Letter to the Editor: Economic Development And The Health Of Los Alamos

By ANDY ANDREWS
President, LABi

Many factors contribute to the economic health and vitality of a community. Two of the most important are Commerce and Economic Development. You might believe that these two factors describe the same thing, but they do not.  o distinguish between them it is important to start with two other terms – community and county.

The community of Los Alamos is the group of people that reside within the boundaries of the legal entity called the county. You might want to include the daily commuters as part of the community, but this can confuse the discussion. Beyond the people themselves, the community also includes the businesses resident in the county. The importance here is that the community is composed of private entities that are primarily focused on private activities.

The County of Los Alamos is a governmental entity that represents the members of the community. It is solely owned by and operated for the benefit of the residents of the county who, privately, are members of the community. The county government must be responsive to the needs of the community and does not engage in for profit business.

The importance of this distinction is that Commerce and Economic Development are community terms, not governmental terms. Sure, the government can support and enable commerce and economic development, but it is the private sector (the community) that actually does it. While we tend to use the terms interchangeably, it is important to keep public and private distinctions clearly in mind.

Commerce accounts mostly for the internal transfer of money; retail sales and services. It is the county’s economic circulatory system in that it mostly recycles the money already present here and it can, indeed, contribute nicely to our economic health as the money moves from one internal group to the next. But it does not generate new money.

Ignoring the supplies used, the service sector tends to be a strong promoter of the recycling of revenues within our community; that is, if the services are from a Los Alamos provider. There is often only a small amount of net revenue loss to the community with Los Alamos-based service providers and probably a net neutral or positive effect on the County if the services are provided to an exporter.

However, when money moves to the retail side of the equation – as with the purchase of products – a chunk of it, sometimes a large amount, moves directly outside of the area to whoever manufactured the item and any external group that may own the store where the item was purchased. This effect can be lessened if the products purchased are manufactured here, but this is not that common in Los Alamos.

Outside-owned retail outlets make up for some of this through the salaries of their employees that live here, and by serving customers that come from other areas. However, in Los Alamos, the very isolation that spawned the development of the County in the first place, works against us in this situation. Are we close to being a magnet for customers from our surrounding area that some other communities (e.g., Farmington) are, especially with Santa Fe and Espanola so close by? Can we, on a sustained basis, expect people to trek to Los Alamos only for retail commercial engagement? Probably not.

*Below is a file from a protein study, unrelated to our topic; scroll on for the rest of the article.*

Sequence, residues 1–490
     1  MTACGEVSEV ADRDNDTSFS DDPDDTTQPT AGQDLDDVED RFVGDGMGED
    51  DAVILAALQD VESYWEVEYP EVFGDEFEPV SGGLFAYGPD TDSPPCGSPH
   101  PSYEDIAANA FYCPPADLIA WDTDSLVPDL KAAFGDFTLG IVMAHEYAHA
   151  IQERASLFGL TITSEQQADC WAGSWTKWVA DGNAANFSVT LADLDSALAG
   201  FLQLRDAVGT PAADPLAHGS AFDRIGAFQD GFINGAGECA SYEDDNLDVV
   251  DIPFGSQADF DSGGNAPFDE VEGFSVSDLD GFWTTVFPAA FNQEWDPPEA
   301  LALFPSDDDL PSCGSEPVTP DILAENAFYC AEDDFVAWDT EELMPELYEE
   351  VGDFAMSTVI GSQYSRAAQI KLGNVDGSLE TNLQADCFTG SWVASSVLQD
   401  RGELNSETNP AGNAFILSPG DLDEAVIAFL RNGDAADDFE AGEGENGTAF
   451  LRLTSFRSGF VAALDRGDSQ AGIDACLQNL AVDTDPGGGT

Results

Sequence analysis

For good economic vitality, exports from a community must either balance or, much better, far exceed imports. That is where Economic Development comes in. Economic Development is all actions taken within a community to increase the export of products (goods and services) produced within the community. The hard part is developing a unity of effort within a community towards maximizing its economic development.

Stated another way, Economic Development is all about the export of goods, services, and experiences. For experiences, tourists and outdoor enthusiasts (a much under-exploited group here but with high potential) can bring in lots of external money. It also is another way that our retail outlets, hotels, and restaurants can contribute directly to economic development as well as to commerce. After all, “they have to eat sometime.”

Los Alamos Business incubation (LABi) believes that export is the main way that Los Alamos can be vital in the long-run and reduce its dependence on LANL. For us, it means working to get the County to take steps to make our community more attractive for outside companies and investors. That is why we have been working to get high-speed internet access to our two main business districts; the main economic engines of the County.

It also means developing new companies right here in Los Alamos using the unique talent pool that comes from the exceptional people who live here. In the Los Alamos Community, we have people with incredible skills (e.g., machinists) that do and can draw-in a lot of work, and revenue, from outside our area.

Through the Los Alamos Community talent pool (we call it the Tech Army) we have the capability, to develop Intellectual Property, to create in-demand products, and to create a large number of new businesses with high commercial potential.

Wonderfully, the capabilities of just the spouses of the people who work at the Lab would be the envy of most communities. Add people retired from the Lab, current LANL employees with a passion for entrepreneurship, and all the other members of the community with ideas and energy to pursue a dream and you see a brilliant, glowing vein of riches in the mine named Los Alamos.

LABi is working to utilize these talents and build companies, preferably here in Los Alamos, to enrich its citizens and greatly increase the net exports of the Community. We have many ideas about how to do this and invite anyone interested to access our website for more information at techarmy.labi505.com.

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